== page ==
In 2016, Professor Hammonds began developing the curriculum and laying groundwork for North Carolina Central University’s Teaching Artist Certificate Program (TACP). It is an online course taught with synchronous and asynchronous modules, comprising a professional development program for performing, visual, literary and conceptual artists. Professor Hammonds spent several decades interweaving touring as a performer and serving as a veteran teaching artist for national cultural arts organizations and non-profits before coming to teach at NCCU in 2005. Noticing a void of teaching artist professional development programs in the Southeast, Professor Hammonds was inspired to launch this groundbreaking program at NCCU. The NCCU Teaching Artist Certificate Program accepted the inaugural cohort of students in 2017. The program was designed to fill the void of a lack of diversity in demographics, gender and arts disciplines currently in the arts education field.
A teaching artist spends roughly 50% of their time creating and practicing their art and roughly 50% of their time engaging audiences through their arts discipline. This unique program aids the artist in debunking the theory of the starving artist syndrome or needing a “plan B.” Training artists to bring arts experience and training to serve communities and families is a win-win for everyone. NCCU’s TACP has the distinction of being not only the first of its kind in the UNC university system but also the first at any HBCU. This research-based program features online delivery and the use of a digital humanities library called "Great Artists Past and Present" for the course content and addresses both the lack of diversity in the teaching artist demographic and a geographic disparity of access to comprehensive and skill-specific training. NCCU’s TACP is delivered by an award-winning distance education unit and a faculty comprising veteran teaching artists amidst a cross-disciplinary pool of arts and humanities professors from the Departments of Music, Theatre and Dance, and Art. Our community partners assist with engaging families and students locally, regionally and nationally.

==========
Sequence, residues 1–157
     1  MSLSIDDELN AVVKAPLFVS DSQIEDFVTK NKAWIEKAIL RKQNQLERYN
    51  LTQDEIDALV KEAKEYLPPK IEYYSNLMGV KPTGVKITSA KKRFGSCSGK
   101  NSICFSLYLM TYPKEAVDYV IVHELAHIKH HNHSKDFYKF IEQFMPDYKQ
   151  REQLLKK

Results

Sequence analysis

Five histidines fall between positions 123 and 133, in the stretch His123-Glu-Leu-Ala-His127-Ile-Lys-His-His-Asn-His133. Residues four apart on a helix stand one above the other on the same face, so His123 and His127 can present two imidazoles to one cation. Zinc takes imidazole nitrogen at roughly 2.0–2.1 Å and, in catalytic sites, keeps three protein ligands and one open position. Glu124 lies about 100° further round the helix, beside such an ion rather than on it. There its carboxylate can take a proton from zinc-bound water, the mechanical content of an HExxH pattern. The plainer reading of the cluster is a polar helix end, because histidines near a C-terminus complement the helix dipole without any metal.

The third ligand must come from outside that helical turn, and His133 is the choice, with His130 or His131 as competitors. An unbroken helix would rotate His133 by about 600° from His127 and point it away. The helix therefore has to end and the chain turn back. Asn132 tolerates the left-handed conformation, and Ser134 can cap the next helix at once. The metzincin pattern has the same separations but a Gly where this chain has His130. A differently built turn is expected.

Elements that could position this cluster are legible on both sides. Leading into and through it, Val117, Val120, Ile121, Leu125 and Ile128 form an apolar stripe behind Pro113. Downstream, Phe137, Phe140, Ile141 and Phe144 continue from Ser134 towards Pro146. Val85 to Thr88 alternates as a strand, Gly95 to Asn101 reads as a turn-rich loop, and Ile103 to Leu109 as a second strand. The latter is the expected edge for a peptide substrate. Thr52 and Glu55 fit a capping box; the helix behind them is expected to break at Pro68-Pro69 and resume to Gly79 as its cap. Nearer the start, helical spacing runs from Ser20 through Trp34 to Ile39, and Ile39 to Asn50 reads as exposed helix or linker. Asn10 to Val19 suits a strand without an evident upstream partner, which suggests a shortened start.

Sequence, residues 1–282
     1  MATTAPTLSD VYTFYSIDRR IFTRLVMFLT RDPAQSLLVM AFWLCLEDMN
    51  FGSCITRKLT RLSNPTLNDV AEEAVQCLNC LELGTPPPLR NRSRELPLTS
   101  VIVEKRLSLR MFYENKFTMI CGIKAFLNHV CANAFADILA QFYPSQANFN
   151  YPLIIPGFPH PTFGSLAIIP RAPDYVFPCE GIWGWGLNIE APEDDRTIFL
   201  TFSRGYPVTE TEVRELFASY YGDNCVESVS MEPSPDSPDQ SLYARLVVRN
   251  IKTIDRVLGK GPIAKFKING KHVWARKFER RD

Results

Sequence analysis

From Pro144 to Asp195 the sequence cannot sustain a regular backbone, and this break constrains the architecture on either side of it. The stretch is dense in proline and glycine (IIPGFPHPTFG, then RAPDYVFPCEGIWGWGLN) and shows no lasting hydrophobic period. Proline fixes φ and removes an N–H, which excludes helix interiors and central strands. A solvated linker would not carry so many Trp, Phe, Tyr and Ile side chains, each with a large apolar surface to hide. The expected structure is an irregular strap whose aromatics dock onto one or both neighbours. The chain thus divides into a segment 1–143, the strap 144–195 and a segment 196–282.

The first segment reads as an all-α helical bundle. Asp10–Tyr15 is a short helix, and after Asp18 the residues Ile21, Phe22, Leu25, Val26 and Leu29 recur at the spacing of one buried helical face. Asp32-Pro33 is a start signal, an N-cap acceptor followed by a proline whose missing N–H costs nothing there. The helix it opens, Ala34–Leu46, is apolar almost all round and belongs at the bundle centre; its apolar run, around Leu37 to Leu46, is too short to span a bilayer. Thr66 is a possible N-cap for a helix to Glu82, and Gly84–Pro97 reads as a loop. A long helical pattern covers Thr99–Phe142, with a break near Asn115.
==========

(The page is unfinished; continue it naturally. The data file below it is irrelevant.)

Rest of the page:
Distinctly separate from teaching licensure programs, the Teaching Artist Certificate prepares artists with the job-readiness tools to create auditorium performances, school residencies and arts experiences for schools and community-based organizations. Our program prepares teaching artists to integrate their art form, perspectives, and skills in a wide range of settings. Our graduates find successful placements in schools, after-school programs, cultural art centers, hospitals, prisons and social service agencies.
As a community engagement vehicle for the College of Arts, Social Sciences and the Humanities, the Teaching Artist Certificate Program has connected NCCU humanities students with immediate portals for success. Alums of the program have garnered immediate residencies with the Durham Public Library, Duke University hospitals, the North Carolina Museum of Art, the Gantt Center for the Performing Arts, the Hayti Heritage Center and many other outlets. As well, students and alums of the NCCU Departments of Music, Art, Theatre and Dance have received employment opportunities and networking access in cultural arts organizations in our region through the ongoing Teaching Artist Tuesdays webinar series. This series was conceived and coordinated in collaboration with North Carolina Arts Council and NCCU’s Teaching Artist Certificate Program.
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